Mel Gibson’s powerful, Oscar-nominated return to the director’s chair tells the extraordinary true story of Desmond Doss, a conscientious objector who saved 75 men without firing or carrying a gun, during one of the bloodiest battles of World War Two. Featuring some of the most viscerally exhilarating combat scenes ever filmed, while also radiating the irrepressible optimism of its central character, Hacksaw Ridge is a sensational return to top-tier filmmaking from its provocative director.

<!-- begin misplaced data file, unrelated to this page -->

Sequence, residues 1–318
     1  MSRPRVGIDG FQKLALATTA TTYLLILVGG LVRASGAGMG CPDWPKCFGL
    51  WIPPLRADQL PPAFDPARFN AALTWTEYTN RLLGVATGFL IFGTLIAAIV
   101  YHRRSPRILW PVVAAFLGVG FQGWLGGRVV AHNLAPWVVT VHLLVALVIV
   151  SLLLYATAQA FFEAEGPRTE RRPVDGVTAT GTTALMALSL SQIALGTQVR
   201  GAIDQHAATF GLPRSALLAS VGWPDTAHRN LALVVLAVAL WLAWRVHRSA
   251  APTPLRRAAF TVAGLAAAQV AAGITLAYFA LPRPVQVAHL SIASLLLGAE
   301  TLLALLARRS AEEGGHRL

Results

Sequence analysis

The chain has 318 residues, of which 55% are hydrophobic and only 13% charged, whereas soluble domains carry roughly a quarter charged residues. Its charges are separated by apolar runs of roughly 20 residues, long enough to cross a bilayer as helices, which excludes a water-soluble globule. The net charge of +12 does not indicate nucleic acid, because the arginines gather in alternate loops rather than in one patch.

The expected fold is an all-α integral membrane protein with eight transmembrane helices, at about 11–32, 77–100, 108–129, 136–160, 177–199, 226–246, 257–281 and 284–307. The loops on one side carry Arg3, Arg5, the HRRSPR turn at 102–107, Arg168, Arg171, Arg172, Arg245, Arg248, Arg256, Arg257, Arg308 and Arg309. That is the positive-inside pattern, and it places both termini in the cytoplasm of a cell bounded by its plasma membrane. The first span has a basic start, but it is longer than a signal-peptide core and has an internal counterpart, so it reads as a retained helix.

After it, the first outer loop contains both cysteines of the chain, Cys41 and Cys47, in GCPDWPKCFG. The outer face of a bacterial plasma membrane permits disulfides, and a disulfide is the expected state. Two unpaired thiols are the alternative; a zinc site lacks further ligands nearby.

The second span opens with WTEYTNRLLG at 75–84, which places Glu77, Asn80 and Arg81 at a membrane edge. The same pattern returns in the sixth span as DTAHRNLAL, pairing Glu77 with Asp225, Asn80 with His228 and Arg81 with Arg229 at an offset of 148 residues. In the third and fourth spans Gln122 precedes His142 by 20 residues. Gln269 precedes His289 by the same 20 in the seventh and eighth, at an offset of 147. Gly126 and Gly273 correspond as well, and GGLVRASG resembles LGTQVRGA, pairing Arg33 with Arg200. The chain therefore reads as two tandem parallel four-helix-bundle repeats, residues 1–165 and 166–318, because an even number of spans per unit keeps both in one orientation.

British star Andrew Garfield is perfectly cast as the Seventh Day Adventist who pleads to serve in the American military despite refusing to carry a gun, capturing the character’s blend of boyish enthusiasm with unyielding determination to endure pain and hardship. And the film itself shares the same dualism, one familiar from Gibson’s previous films, where a focus on bloodshed and suffering is leavened with a transcendental faith in humanity. Symbolising Mel Gibson’s plea for redemption after a string of on-and-offscreen controversies, Hacksaw Ridge was rewarded with a slew of awards nominations that signalled the film industry’s re-acceptance of its wayward star. And the sheer technical prowess of its battle scenes establishes Gibson as a maestro of powerful and redemptive screen violence; arguably Hollywood’s heir to the great Sam Peckinpah.